such kinds of menaces. At the performing stage, members must be considerably task oriented

and vastly individual oriented to ensure group identity, morale, unity as well as loyalty.

Firstly, the transition team can improve its work together through implementing recognition

programs. The team can encourage quality work via rewarding the subgroups for good

performance. It can also establish incentives to work, through offering praise as well as

issuing little tokens of appreciation which bear the projects name. The team ought also to

encourage social activities by building a sense of camaraderie through the formulation of

group activities such as gathering for a coffee in a nearby café. Additionally, the transition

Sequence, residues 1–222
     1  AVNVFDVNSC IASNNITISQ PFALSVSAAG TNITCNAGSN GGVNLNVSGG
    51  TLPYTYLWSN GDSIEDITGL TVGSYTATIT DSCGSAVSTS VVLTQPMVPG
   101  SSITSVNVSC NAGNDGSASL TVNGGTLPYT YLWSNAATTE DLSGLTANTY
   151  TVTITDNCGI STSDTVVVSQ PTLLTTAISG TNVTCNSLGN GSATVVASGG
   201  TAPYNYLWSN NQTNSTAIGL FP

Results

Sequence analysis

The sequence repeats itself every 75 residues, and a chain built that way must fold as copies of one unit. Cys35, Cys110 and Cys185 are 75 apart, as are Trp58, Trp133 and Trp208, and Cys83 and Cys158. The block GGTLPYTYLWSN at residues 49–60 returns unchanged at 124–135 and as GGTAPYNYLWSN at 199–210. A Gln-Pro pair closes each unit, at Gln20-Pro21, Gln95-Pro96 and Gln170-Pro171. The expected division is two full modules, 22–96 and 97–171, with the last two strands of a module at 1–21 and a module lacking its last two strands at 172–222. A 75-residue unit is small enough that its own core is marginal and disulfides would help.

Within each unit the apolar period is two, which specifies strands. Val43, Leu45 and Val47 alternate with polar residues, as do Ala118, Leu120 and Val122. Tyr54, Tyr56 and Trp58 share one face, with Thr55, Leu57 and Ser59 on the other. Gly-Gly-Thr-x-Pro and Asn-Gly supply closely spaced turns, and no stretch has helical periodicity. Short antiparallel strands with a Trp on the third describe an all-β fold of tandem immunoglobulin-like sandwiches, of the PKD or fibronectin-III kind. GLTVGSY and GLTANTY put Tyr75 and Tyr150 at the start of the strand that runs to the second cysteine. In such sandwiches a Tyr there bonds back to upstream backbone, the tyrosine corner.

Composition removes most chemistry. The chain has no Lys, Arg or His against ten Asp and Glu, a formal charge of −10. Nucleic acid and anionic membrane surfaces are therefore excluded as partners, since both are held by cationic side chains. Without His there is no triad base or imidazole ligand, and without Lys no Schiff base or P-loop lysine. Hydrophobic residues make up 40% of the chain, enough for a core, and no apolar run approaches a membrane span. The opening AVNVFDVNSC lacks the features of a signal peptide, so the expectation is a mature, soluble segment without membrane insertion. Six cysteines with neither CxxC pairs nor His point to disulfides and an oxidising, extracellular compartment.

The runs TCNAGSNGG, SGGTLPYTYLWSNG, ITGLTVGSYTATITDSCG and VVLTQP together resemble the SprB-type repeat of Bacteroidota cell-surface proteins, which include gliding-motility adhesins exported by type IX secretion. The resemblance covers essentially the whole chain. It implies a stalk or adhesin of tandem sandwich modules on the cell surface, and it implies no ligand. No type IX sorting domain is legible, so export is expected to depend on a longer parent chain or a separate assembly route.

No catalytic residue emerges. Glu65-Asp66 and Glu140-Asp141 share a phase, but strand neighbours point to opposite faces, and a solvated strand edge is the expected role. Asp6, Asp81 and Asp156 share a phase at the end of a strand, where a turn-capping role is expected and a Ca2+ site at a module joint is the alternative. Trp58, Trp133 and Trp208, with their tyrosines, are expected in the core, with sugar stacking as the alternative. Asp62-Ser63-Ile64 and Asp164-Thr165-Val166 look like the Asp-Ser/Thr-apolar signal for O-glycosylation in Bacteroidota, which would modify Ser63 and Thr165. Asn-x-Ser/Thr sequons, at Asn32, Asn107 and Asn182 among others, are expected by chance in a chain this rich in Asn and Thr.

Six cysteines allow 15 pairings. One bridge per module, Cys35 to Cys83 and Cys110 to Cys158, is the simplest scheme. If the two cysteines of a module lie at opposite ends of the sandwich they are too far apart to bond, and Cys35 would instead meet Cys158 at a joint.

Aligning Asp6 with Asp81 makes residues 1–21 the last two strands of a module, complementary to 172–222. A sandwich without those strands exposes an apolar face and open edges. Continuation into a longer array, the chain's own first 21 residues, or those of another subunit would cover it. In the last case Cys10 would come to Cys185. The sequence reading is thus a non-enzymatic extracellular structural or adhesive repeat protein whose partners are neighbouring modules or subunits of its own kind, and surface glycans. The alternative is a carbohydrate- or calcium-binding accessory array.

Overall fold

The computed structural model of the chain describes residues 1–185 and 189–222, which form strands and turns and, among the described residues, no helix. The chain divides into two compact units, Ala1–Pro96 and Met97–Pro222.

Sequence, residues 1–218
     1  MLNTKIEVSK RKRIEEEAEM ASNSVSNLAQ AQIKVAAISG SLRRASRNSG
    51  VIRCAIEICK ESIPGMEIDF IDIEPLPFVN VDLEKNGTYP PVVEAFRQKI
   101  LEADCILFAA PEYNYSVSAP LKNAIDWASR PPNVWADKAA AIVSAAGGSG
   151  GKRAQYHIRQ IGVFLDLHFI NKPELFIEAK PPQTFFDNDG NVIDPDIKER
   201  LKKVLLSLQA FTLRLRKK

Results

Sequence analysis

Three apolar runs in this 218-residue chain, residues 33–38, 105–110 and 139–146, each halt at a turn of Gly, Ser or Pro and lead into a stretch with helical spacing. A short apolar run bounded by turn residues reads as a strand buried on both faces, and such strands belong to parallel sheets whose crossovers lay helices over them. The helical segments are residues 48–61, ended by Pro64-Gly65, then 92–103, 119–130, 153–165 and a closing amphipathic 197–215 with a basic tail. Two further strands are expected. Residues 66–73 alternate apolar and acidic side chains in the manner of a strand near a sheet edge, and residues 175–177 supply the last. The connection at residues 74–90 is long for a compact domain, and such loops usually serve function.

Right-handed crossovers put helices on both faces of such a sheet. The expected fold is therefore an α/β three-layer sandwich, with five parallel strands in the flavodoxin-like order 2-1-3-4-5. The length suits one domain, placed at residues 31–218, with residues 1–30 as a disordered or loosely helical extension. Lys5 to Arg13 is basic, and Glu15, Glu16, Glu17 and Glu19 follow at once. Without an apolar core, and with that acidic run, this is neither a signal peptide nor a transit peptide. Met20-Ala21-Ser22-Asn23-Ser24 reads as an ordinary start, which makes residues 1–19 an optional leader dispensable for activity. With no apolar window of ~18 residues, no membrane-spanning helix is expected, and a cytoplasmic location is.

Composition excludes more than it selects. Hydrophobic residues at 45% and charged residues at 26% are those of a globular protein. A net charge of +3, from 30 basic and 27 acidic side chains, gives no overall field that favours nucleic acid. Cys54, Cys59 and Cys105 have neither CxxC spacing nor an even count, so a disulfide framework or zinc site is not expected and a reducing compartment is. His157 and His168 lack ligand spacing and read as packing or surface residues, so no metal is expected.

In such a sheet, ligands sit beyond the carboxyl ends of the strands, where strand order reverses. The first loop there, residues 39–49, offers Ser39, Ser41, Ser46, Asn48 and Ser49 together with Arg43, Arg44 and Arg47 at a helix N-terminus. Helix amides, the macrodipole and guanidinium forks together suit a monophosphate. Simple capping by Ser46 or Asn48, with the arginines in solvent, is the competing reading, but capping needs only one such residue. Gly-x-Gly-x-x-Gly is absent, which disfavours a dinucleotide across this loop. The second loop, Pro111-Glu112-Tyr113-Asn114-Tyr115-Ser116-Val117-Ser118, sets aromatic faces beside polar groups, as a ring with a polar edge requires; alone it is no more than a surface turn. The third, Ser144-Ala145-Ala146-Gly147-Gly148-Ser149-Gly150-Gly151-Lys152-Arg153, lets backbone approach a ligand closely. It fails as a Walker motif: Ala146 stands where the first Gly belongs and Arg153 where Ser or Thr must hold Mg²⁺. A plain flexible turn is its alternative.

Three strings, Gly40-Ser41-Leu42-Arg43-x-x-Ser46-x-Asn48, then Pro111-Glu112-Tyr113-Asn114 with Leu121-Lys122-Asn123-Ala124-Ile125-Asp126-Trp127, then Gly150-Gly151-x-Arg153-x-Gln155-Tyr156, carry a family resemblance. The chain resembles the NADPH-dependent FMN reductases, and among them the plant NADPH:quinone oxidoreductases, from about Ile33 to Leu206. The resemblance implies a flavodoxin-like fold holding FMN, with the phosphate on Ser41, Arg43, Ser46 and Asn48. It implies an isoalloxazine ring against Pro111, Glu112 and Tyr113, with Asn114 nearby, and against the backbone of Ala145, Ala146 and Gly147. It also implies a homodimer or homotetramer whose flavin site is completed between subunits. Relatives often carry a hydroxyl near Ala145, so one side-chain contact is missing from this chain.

team can also boost team work abilities through highlighting clear roles for each member and

identifying the existing problems as fast as possible before they cause uncertainties (Fiore &

Georganta, 2017). Some of the recommendations that could be made for new and existing

teams within the organization may include a clear outline of the project’s purpose so that

every member can understand what is expected of him or her. Secondly, the team must

exercise a sense of unity and accept others opinions for the betterment of the project’s vision.

However, it is worth to note that team work can substantially lead to the achievement of an

organization’s goals.

References

Egolf, D., & Chester, S. (2013). Forming storming norming performing: Successful

communication in groups and teams. IUniverse.

Fiore, S. M., & Georganta, E. (2017). Collaborative Problem-Solving and Team

Development: Extending the Macrocognition in Teams Model through Considerations

of the Team Life Cycle. In Team Dynamics Over Time (pp. 189-208). Emerald

Publishing Limited.

Hollander, E. P. (2013). Organizational leadership and followership. Social Psychology at

Work (Psychology Revivals): Essays in Honour of Michael Argyle, 69.